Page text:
Saturday, March 29, 2014

Day 226: The Monsters' Monster

We picked up this gem the last time we were at the library in yet another attempt to beat the lousy weather blues.  (Thank you, local libraries, for being such a great source of sanity throughout this never-ending winter!)  I was actually looking for a different Patrick McDonnell book, but saw this one and remembered how I had wanted to get my hands on a copy of it last fall.  Given the monster theme of this story, I had been looking to add it to our list of Halloween reading, but had since forgotten about it. We absolutely love Me… Jane, McDonnell's wonderful tale about the young Jane Goodall, and the Monsters' Monster, while a very different kind of story, was also a instant hit with my children.

Three silly monsters named Grouch, Grump, and Gloom 'n' Doom love being their rowdy, destructive, monster selves, but whenever they try to agree upon who is the most monster-y monster, they end up in a brawl.  To settle the argument once and for all, they decide to build the biggest, baddest monster ever -- a MONSTER monster!  They create their monster Frankenstein-style, only to be completely shocked at the result.  Their monster isn't scary or bad or monster-like at all; in fact, he's quite the opposite!  After letting out a resounding "DANK YOU!", his first actions are to hug his creators, open the windows, breathe in the fresh, dewy morning air, and savor the sweet, warm sunlight.  At first Grouch, Grump, and Gloom n' Doom are beside themselves -- how could this happen?? -- but eventually, they begin to appreciate their monster for who he is and try to be more like him:  grateful, kind beings who are simply happy to be alive.

As often happens, my kids and I enjoy this book for different reasons.  They find the little monsters' antics to be quite hilarious and giggle every time the big monster says, "Dank you!" For them, the story is an all-around fun, silly read that never fails to make them laugh.  I find the story really fun to read, too, but more than that, I love its simple messages.  Its important to be true to yourself, and equally important to be accepting of other people, particularly those who are different than you.  Similarly, we should all be able to slow down, appreciate what we have, and savor life's simple pleasures (such as enjoying a warm, powdered jelly donut while watching the sunrise.)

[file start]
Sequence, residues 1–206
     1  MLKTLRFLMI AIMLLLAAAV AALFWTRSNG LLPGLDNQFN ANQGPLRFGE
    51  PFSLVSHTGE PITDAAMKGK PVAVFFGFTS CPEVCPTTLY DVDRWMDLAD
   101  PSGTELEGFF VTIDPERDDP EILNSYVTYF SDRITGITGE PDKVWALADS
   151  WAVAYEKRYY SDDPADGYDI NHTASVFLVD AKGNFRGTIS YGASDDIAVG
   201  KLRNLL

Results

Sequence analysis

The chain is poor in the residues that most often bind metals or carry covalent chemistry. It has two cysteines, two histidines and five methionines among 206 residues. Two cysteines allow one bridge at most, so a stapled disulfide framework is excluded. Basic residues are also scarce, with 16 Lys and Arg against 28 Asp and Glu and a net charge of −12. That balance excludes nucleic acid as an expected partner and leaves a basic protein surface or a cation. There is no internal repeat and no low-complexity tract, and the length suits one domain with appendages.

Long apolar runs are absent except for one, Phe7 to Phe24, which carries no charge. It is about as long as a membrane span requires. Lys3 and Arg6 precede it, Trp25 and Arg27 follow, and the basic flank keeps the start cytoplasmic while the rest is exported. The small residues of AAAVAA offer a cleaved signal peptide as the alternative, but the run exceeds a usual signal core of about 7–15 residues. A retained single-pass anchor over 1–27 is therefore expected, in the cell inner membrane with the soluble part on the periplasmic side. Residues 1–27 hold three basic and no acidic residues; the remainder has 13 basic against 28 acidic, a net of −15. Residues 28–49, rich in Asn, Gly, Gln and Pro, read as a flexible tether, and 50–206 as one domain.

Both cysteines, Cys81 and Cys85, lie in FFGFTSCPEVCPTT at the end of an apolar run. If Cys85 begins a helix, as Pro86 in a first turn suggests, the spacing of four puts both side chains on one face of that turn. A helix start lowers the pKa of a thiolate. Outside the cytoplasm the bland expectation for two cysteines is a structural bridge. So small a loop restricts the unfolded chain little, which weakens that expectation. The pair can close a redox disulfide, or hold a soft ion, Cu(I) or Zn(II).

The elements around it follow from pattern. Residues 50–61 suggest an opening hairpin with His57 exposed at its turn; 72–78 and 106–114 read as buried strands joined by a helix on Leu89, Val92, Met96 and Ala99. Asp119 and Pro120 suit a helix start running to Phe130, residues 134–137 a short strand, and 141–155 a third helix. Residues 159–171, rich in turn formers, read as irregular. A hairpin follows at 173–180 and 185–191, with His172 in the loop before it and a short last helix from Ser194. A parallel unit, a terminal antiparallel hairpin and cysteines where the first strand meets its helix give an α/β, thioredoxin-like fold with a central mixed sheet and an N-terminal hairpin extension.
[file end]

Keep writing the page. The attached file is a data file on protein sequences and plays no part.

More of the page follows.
The Monsters' Monster would be a great Halloween read and is not at all scary, but it's a fun, sweet story for any time of year.

Sunday, February 16, 2014

Day 225: Whoever You Are


The last time we went to the library, I thought it would be fun to find a book that would tie in nicely to the Olympics.  I didn't have anything particular in mind and I certainly wasn't expecting to find an Olympic type book when I went to see what Mem Fox books were on the shelf, but as soon as I saw this story, I knew this would be just the thing.  The Olympics are inspiring in so many ways, but the thing I love most about them is the way they unite people from all over the world.  It's awesome, isn't it?  As a geography teacher, I was always hoping to instill in my students an appreciation and respect for other cultures and people. As a parent, I do the same, hoping that my children will always know that we have far more in common as humankind than we might always be able to see.  Although we might seem very different from other people around the world, deep down, we are the same. 

In this sweet, simple story, beloved Australian author Mem Fox celebrates the diversity of our beautiful planet, reminding young readers that every day, all over the world, children are smiling, playing, laughing, crying, and learning, just like them.  "Their schools may be different from yours, and their lands may be different from yours.  Their lives may be different than yours, and their words may be very different from yours.  But inside, their hearts are just like yours, whoever they are, wherever they are, all over the world." Leslie Staub's colorful illustrations and Fox's gentle, repetitive verse make this story perfect for even the youngest readers, though its message is an important one for readers of all ages.  No matter how different we might seem on the outside, the things that unite us will always be far greater than those that divide us.  

"Darkness cannot drive out darkness; only light can do that.  
Hate cannot drive out hate; only love can do that."
~ Martin Luther King, Jr.

Saturday, February 15, 2014

Curious George birthday party!

One of my dearest friends just threw a Curious George themed party for her son's 3rd birthday.  Actually, it was a Curious George the Fireman birthday party, since the birthday boy couldn't quite decide on one theme or the other.  (Fortunately, the two were easy to combine!)  As we were driving home from the party today, I started thinking about how some picture book characters like Curious George are just so lovable and have such staying power among children throughout the years.  Granted, Curious George now has a show on PBS and I'm sure that has a lot to do with his current popularity among the preschool demographic, but his books are awfully popular, too.  After all, his mischievous ways have been entertaining kids since Margret and H.A. Rey published the first book back in 1941.  Still, I just love a character-themed birthday party!